Somewhere along the line, the polemical devices of Sarris’s The American Cinema were internalized as method. All demurrals were filed under “hostile” and dismissed. To take Bazin’s objections seriously would be to admit that Hitchcock and Rossellini and Ray operated under constraints and conditions unknown to Matisse and Singier, and thus admit defeat. To pay attention to Farber’s commonsensical observations that “any image . . . can be read for any type of decisive, encapsulating judgment,” that a single “scene, actor or technician” is likely to inject “a flash-bomb vitality” across the grain of the film at any given moment, that dissolving “the studio influence from any discussion of [Walsh’s] films leaves him a fantasy figure,” would be to break the spell and stop the flow of revelation. To sympathize with Farber’s mid-Sixties lament for the demise in prestige of “the 40s critic, who was a prospector always repanning and sifting for buried American truth and subconscious life,” would be to submit to the tyranny of the relevant. To acknowledge narrative structure, the particulars of screen acting, the off-hand peculiarities of the image, or any aspect of production with more than a passing glance would be a distraction and a violation of the essential truth of the auteur. To be an auteurist was not to practice a critical discipline, but to believe. For that reason, the effect of auteurism on film criticism has been odd in the extreme.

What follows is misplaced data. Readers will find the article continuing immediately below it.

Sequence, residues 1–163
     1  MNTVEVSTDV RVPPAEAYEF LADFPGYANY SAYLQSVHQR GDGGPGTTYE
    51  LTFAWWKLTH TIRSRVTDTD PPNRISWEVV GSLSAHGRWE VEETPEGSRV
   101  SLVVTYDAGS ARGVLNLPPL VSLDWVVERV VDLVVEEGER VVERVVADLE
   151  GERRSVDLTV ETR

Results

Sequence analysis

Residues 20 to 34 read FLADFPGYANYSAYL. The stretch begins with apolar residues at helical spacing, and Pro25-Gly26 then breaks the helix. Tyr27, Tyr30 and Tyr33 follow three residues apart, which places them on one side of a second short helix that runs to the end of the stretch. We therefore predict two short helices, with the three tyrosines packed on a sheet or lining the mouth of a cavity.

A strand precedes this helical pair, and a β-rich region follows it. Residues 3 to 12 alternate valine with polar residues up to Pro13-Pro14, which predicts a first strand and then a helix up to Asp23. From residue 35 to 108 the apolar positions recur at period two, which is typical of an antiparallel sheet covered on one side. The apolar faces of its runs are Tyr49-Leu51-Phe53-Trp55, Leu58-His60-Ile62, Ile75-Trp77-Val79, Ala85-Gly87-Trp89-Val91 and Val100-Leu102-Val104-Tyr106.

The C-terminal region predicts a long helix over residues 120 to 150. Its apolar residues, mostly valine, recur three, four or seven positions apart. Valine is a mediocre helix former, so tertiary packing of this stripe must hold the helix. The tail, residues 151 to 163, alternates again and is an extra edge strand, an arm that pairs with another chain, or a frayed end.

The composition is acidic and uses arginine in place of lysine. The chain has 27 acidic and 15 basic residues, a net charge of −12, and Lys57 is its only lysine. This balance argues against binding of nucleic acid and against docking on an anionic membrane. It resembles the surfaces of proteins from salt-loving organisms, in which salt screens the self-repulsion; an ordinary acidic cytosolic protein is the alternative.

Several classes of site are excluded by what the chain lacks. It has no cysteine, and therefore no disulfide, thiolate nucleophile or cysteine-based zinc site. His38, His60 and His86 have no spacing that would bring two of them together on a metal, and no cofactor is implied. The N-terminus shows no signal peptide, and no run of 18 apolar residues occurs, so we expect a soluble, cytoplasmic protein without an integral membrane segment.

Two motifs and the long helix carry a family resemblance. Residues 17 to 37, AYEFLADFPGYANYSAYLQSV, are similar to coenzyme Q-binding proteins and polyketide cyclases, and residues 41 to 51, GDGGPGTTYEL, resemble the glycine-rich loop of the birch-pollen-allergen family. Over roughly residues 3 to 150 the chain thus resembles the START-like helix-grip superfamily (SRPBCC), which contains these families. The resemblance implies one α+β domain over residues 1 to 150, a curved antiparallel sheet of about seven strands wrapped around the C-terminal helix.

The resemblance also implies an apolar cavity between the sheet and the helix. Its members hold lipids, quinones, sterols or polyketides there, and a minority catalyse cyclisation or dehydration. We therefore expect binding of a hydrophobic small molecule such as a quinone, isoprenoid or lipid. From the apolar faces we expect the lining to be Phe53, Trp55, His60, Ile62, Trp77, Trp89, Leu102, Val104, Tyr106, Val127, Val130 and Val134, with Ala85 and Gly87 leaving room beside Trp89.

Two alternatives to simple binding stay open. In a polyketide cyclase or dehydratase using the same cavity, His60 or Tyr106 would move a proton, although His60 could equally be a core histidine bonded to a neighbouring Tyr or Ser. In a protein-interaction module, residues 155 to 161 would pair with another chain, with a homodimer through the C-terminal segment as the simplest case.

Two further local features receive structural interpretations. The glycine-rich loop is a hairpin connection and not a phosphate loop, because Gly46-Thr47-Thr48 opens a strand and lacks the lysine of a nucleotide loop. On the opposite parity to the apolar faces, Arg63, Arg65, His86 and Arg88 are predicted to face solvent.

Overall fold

I recently took a fresh look at the aforementioned scene from Bitter Victory, prompted by a re-reading of Robin Wood’s contribution to a long-forgotten early Seventies anthology called Favorite Movies. Wood’s essay, “The Seaweed-Gatherer,” is one of the finest in the book, and his point of view is soundly and refreshingly anti-essentialist: “The valid question is not ‘Is this theatrical?’ but ‘Does it work?’ and a cogent answer would involve some analysis of the whole film, and the relationship within it of style and meaning.” Wood evokes six examples from different films by way of illustration, one of which is the scene in question. This short paragraph strikes me as an emblematic auteurist gesture. “Richard Burton and Ruth Roman, former lovers, meet unexpectedly after an interval of some years under the suspicious eyes of the man she has married (Curt Jurgens) . . . The intensity of the Ray—it must be among the most electrifying dialogue sequences ever filmed—arises partly from the cutting. The situation is quite commonplace, the dialogue is unremarkable, the actors scarcely my favorites; though they offer notable demonstrations of the general truth that Ray can get fine performances from the most unexpected people, the fascination of the sequence does not lie merely in the acting. Ray has conceived the whole scene in terms of exchanged or intercepted looks; the significance, instead of being extracted from the text, is conferred upon it by the way the characters look at each other. The cutting stresses (but not crudely) the significance of the glances, Ray using editing rather as a poet uses accent to obtain the most precise inflections.”